This junior is focused on safe water, sanitation, and hygiene—keys to reducing infectious diseases worldwide
Dan Nguyen, A24, knows the weight of water. Since high school, he has been raising awareness that a quarter of the global population lacks access to safe drinking water. In his first year at Tufts, he co-founded Tufts Thirst Project, a club that has raised $4,000 for freshwater wells in Eswatini and South Sudan. Nguyen’s concern for the global water crisis guided him into community health classes, where he realized clean water was only the beginning: 1.4 million people die annually of diseases related to a combined lack of sanitation facilities, hygiene education, and safe water. Water, sanitation, and hygiene—so linked that they go by the handy acronym WASH—have become the moving target of Nguyen’s advocacy and research.
What first inspired your interest in improving water, sanitation, and hygiene worldwide?
My parents have been a huge inspiration for me. I’m the son of two Vietnamese immigrants who escaped post-war Vietnam. Their health care quality was poor, their tap water needed to be boiled and treated, and their loved ones suffered from infectious diseases, like malaria and tuberculosis, that are associated with poor water and sanitation. I realized WASH is not a right that is distributed equitably to everybody.
You co-founded Tufts Thirst Project. What was the impetus, and what has been most fulfilling?
I was an intern for Thirst Project, the national organization, during my first year at Tufts. My mission was to spread the word about the global water crisis. I talked to a lot of high school students throughout the U.S. But then I thought, “Why not bring this to my own institution?”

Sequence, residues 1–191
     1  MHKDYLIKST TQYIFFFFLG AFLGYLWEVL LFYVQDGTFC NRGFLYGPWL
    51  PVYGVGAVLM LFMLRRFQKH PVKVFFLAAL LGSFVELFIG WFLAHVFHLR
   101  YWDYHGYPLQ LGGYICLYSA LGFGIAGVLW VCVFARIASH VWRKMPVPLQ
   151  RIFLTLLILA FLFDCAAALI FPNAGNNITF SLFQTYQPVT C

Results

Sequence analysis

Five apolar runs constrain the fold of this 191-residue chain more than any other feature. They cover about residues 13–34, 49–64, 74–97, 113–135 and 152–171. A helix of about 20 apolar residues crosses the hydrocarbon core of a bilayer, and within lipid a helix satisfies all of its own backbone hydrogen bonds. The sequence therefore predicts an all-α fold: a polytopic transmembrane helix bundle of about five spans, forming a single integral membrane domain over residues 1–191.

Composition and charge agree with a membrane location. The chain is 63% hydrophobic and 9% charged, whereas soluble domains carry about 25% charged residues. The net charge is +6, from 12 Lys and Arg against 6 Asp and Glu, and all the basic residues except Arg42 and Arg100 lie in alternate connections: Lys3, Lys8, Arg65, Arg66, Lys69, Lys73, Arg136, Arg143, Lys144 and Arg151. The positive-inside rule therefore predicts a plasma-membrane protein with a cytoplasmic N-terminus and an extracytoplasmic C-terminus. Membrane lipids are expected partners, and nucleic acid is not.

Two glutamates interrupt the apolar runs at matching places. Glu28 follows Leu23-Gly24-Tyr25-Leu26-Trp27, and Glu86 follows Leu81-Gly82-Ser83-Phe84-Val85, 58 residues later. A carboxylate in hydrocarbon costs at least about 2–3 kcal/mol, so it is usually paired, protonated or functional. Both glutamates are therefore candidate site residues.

I co-founded Tufts Thirst Project with one of my closest friends, Shanni Zhou [A24]. The most fulfilling part was seeing how fast people my age can mobilize to take action and initiative on such a pressing issue.
Has your mission evolved over time?
Entering the global health field, I’ve always been concerned about saviorism—particularly American saviorism—and voluntourism, which is the idea that people go into a community to volunteer, and only they benefit. How do we make work that is sustainable, long-lasting, and culturally appropriate for the communities we’re involved in?
Asking this question has brought our club mission to a shifting point. We were very focused on clean water, but water, sanitation, and hygiene are interconnected. Together, they’re so important in reducing infectious diseases. So, we shifted to partnering with another organization called Water for South Sudan, which focuses on all three of those components. We liked that someone who grew up in South Sudan, and understood the needs firsthand, founded this NGO.
How did you get started doing research?
Sophomore year, I took a class with Professor Daniele Lantagne called Public Health Engineering, which was one of the best classes I’ve ever taken. I reached out to her and was like, “Would I be able to join your research group?”
It’s been history since then. I’m working on some really cool projects on the effectiveness of water, sanitation, and hygiene interventions in global health contexts. I co-authored this upcoming manuscript with an NGO called Catholic Relief Services on how NGOs integrate WASH and malnutrition interventions, because—through diseases like diarrhea—the two interventions are seemingly interconnected.
Where will this passion take you next?
I plan to pursue an MD/MPH in infectious disease, and I’ve actually been admitted to the Early Assurance Program at Tufts University School of Medicine. I want to integrate my interests in clinical care and global health advocacy, whether that’s in the NGO or intergovernmental sector. I want to combine both of those passions.